Monday, February 25, 2013

The Man in 12E

"Americans who travel abroad for the first time
are shocked to discover that, despite all of the
progress that has been made in the last 30 years,
many foreign people still speak foreign languages."
~ Dave Barry

I've been teaching a travel class at OLLI @ UNLV on Monday mornings this semester.  If you know anything about OLLI, you know that my class is not a for-credit class but more of a class to share information and such.  I pick a country and discuss food, culture, and so on.  I started with Italy (of course), but for the last two weeks, I've covered a lot of the preparation stuff – looking for hotels, airlines, and cars, packing, passports, etc.  You get the idea.

Today I asked the class about some of their not-so-pleasant travel experiences. One gentleman was on midnight flight from Chicago to NYC and saw a meteor light up the night sky. A lady mentioned spending an overseas flight telling the kid behind her to stop kicking her seat. (He finally quit when she threatened to break his arm.)  Another one mentioned the time a woman stood in the middle of an airplane aisle and demanded that someone change seats with her so that she could sit next to her friend.  My favorite was the lady who spoke about having her suitcase blown up by the airline after a bomb scare on a flight from Burbank to Sacramento. (It's a long story.)

I, of course, had to mention the Prague robbery, the lock-out in Italy, the stalled airline flight, lost luggage, screaming kids on too many flights, and the Man in 12E  (You know of whom I speak if you've read my poem about that experience.  If you haven't, check it out here.).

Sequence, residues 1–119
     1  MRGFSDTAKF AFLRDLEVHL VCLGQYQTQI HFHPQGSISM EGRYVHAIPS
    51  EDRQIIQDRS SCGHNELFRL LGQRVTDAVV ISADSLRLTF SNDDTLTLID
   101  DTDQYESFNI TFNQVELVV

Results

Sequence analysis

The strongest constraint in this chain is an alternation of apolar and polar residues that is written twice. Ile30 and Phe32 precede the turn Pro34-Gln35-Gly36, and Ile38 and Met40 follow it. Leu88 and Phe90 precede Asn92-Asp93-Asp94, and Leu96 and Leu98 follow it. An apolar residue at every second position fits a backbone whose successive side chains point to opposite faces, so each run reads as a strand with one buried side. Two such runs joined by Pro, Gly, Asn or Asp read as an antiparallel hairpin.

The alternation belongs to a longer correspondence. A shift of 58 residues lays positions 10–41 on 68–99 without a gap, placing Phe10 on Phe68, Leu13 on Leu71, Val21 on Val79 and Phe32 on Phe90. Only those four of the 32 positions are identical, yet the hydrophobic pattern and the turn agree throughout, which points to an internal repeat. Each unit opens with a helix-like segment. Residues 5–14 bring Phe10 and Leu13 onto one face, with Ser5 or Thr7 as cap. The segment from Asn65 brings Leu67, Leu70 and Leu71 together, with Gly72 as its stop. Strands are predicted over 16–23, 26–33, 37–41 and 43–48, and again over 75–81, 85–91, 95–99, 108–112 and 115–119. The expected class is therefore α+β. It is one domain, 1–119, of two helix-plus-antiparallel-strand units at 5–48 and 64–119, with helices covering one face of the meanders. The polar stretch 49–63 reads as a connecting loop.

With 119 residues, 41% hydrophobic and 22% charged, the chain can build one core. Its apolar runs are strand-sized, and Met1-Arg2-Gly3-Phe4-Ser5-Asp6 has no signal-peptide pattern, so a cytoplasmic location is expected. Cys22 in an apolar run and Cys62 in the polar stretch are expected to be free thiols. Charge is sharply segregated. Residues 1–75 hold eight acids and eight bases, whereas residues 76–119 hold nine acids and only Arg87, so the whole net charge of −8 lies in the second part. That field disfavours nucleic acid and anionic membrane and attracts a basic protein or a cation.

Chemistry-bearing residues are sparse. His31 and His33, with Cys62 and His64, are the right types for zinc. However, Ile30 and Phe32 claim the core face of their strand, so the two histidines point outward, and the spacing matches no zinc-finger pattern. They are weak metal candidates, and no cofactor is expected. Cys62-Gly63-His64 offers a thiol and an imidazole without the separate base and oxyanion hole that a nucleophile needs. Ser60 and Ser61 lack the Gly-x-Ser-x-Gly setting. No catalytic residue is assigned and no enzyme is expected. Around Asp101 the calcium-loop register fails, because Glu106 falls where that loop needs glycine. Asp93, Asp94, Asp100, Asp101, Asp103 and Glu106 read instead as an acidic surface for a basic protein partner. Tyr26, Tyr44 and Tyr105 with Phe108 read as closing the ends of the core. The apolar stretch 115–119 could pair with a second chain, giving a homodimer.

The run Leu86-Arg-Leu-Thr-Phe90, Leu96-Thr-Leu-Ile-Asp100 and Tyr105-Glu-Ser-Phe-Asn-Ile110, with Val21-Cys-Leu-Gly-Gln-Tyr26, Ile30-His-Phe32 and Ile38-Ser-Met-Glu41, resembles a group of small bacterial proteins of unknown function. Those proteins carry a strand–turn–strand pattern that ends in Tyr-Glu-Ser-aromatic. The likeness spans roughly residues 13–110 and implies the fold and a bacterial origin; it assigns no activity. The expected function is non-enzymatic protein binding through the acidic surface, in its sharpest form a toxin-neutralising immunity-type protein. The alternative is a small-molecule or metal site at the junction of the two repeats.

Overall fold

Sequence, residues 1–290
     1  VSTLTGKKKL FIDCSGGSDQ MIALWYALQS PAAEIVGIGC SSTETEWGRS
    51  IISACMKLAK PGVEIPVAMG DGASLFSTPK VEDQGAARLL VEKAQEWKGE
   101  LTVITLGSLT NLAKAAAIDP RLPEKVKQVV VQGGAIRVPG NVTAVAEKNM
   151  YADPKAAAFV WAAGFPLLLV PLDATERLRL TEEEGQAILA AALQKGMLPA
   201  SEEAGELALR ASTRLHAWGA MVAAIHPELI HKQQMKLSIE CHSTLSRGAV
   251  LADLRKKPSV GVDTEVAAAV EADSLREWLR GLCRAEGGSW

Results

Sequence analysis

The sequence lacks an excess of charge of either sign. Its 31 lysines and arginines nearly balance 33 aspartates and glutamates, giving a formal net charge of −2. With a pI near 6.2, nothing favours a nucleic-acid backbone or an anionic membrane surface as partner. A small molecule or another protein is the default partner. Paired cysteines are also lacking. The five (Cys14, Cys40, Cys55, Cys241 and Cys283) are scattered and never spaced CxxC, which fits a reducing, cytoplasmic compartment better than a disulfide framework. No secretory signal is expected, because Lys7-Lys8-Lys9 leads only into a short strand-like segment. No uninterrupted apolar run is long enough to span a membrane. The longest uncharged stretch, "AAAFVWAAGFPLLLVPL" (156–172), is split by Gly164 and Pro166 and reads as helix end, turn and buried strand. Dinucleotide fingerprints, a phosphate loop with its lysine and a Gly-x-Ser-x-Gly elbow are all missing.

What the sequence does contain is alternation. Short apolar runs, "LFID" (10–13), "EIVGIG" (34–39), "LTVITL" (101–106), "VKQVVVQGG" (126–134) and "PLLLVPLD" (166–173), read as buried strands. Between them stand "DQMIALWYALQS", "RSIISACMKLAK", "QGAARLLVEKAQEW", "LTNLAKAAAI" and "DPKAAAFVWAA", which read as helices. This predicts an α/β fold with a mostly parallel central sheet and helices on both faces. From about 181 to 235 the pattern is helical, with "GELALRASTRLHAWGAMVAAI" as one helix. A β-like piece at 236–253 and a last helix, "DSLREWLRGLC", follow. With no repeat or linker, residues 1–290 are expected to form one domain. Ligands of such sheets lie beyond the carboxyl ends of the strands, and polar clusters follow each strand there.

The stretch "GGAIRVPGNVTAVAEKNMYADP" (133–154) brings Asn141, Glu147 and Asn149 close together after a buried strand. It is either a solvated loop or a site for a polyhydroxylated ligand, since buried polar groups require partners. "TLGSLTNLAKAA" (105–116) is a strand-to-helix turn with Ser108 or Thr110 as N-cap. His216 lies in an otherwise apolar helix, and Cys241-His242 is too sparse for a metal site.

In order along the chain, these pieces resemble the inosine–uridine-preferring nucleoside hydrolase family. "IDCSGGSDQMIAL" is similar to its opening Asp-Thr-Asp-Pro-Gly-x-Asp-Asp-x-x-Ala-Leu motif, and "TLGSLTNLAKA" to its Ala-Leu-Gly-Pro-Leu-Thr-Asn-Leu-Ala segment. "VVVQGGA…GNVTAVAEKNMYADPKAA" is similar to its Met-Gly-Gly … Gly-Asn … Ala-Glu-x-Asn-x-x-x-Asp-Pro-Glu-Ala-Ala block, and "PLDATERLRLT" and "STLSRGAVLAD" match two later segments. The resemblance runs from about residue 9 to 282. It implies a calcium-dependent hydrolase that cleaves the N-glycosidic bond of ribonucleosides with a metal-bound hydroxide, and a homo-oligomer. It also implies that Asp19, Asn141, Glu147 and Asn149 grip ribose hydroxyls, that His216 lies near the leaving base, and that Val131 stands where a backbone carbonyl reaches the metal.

At one point, someone brought up the fact that so many Americans travel to foreign countries without knowing about the culture, food, customs of that particular country.  That, in itself, is not really a bad thing although the way Americans tend to behave when confronting cultural differences is definitely not a good thing.  One episode that sticks out in my mind is the time I was in Mexico and heard a man yelling at a waiter who couldn't understand the man.

"How many times do I have to tell you?  Can't you understand basic G-D English?" he screamed. "Darn idiot."  Yikes.  Good way to help improve the American image abroad, Dude.

I always tell people that they should know about 10 phrases in any foreign language, please and thank you being two of the most important.  My list also includes hello, goodbye, police, Where is xxxxx?, How much is xxxxx, Excuse me, Do you speak English?, and Help.  I usually also know how to ask someone to speak more slowly, to tell someone to leave us alone and to tell someone I like something. It goes a long way  to make even a small effort.

At any rate, 30 days from now at almost this exact minute, we'll be taking off for London on our way to Paris. Yikes!!  I need to start learning a few more French phrases.

Friday, February 15, 2013

The Popes & Avignon

                                                                 Swiss Guard at the Vatican

"All concepts of politics, of whatever kind, are about conflict..."
~ Ray Miliband

Most people, even some Catholics, have no idea that the papacy has not always resided in the Vatican.  It is, however, true.  Conflict between King of France, Philip IV and Popes Boniface VIII and Benedict XI in the early 14th Century lead to the election of a Frenchman, Clement V as pope in 1305. Clement refused to move to the Vatican, and he eventually moved everything to Avignon in 1309.  The six popes who reigned after Clement were all French, and they remained in Avignon and, more importantly, under the influence of the French crown.  In 1377, Pope Gregory XI decided to move back to Rome.